Saturday, March 24, 2012

The Tao of Ric: True Lies & A Fistful of Meyerisms: Part 7



"He just doesn't seem to have any idea...if...he needs somebody like a Fred Astaire to tell'em, ya gotta show the whole body. When you're doing a kung fu movie, the beauty of it is you get to show everything." *--Ric thinking he's referring to director Chen Hung Lieh for INHERITOR OF KUNG FU (1977), but it's actually prolific cinematographer and director Pao Hsueh Li's movie bearing the same title from 1981.

Up to this point, you may remember a few allusions here and there towards this INHERITOR OF KUNG FU movie spread out over this article and in the accompanying Meyerisms list. What's the big deal about this movie, you ask? Well, absolutely nothing, but the accompanying commentary is. This last chapter is all about that single movie and why this particular audio commentary is the single most useless and laughable excuse of audible cinematic journalism you will ever hear in your DVD lovin' lifetime.

On another commentary track for MYSTERY OF CHESSBOXING (bearing the onscreen title of NINJA CHECKMATE), Ric Meyers and Bobby Samuels, apparently cognizant of the large number of upset fans regarding their mostly useless play by play, asks for constructive criticism from said fans. That's totally understandable and all, but when you do an audio commentary for THE WRONG MOVIE, the potential for losing credibility is enormous, and Meyers has proven to be a better running gag than a kung fu movie enthusiast; a FACT he proves ten fold with this here INHERITOR OF KUNG FU (1981) commentary. He's great at being an enthusiast on himself and all he's done over the course of his "career", but lousy when detailing a subject he's had over 30 years to get the hang of.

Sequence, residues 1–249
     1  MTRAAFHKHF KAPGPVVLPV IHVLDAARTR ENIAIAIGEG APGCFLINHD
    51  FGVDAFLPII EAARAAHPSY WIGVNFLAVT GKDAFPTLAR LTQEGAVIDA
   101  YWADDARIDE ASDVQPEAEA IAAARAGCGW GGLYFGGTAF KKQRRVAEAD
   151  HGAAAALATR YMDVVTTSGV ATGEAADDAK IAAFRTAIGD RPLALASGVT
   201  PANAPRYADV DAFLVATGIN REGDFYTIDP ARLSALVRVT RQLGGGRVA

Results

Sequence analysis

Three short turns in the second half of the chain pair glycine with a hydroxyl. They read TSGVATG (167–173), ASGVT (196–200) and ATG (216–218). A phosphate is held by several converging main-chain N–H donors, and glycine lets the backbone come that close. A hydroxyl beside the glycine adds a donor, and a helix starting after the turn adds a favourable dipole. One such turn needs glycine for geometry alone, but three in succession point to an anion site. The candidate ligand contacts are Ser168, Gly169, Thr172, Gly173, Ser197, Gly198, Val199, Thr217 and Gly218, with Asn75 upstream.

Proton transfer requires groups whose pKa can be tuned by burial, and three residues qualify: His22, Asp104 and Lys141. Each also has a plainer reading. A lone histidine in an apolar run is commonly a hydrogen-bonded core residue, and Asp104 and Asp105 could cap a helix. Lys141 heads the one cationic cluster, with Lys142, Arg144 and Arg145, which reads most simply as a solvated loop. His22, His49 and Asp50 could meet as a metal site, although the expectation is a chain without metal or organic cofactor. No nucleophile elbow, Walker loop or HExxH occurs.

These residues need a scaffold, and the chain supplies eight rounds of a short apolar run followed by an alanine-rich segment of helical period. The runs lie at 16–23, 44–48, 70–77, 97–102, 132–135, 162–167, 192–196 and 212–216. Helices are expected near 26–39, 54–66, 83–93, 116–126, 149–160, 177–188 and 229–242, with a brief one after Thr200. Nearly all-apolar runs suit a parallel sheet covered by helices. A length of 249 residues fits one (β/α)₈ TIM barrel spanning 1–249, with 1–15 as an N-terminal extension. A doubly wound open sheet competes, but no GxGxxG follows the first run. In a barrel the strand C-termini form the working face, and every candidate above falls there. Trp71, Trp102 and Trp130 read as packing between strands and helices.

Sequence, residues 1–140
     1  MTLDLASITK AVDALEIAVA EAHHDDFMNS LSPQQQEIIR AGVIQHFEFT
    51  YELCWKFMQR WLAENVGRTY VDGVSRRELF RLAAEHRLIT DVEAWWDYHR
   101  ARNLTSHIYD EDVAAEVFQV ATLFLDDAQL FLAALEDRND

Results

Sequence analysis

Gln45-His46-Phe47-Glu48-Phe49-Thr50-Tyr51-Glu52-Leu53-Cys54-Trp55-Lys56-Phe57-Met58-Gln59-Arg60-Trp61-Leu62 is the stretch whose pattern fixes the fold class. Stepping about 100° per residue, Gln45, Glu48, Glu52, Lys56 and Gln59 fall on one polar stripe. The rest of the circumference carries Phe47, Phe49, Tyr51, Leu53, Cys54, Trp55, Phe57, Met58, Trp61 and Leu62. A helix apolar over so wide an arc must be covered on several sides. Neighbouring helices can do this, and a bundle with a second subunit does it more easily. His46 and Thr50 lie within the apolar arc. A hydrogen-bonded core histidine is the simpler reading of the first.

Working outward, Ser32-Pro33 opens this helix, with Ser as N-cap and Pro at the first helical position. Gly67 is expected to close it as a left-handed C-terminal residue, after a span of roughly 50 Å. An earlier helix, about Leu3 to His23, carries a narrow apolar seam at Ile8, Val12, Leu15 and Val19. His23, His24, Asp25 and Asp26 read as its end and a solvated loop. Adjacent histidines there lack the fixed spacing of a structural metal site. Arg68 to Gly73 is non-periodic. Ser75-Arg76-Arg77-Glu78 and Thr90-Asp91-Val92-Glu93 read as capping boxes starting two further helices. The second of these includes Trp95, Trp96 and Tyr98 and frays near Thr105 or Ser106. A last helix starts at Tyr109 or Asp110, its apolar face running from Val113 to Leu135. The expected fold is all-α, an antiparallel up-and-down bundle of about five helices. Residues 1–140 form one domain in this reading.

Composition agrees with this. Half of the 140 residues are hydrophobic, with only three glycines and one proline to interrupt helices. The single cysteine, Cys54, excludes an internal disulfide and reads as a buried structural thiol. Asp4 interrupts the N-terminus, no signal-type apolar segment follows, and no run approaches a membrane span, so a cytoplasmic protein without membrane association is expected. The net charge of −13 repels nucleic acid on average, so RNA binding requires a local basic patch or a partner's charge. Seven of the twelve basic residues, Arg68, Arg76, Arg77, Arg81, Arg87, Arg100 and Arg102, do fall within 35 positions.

Anyways, this particular commentary is without doubt, the worst of all time partially because the film these two are discussing is not from the actual individual they credit with directing it. Not only that, but both Meyers and Samuels (Samuels seem more like he's just going along with Ric than anything else) repeatedly throw jabs at who they think was the director of the film. Had either Meyers or Samuels bothered to pay attention to the credits, they would know who the director was. What exactly were they doing the whole time? The purpose of an AC is to give the listener pertinent information about the fucking movie they're watching. But if the geniuses spoutin' off into the microphone aren't watching, or don't even know Jack Shit about the movie, what the hell is the point, then?!?!?! Granted, Bobby Samuels actually has some legit credentials with his involvement in the HK film industry, but his participation on some of these releases is lacking to say the least. He divulges some interesting info on some of the discs, although it's still baffling that he sits there and goes along with Meyers the bulk of the time on these things. Possibly he just wanted to watch the movies and occasionally nod his head in aggreance in a bid to keep Meyers' ego sufficiently stroked. Still, he is far more knowledgeable from the standpoint of someone having actually been a part of the action than the man coined the "leading authority". Anyway, back to INHERITOR.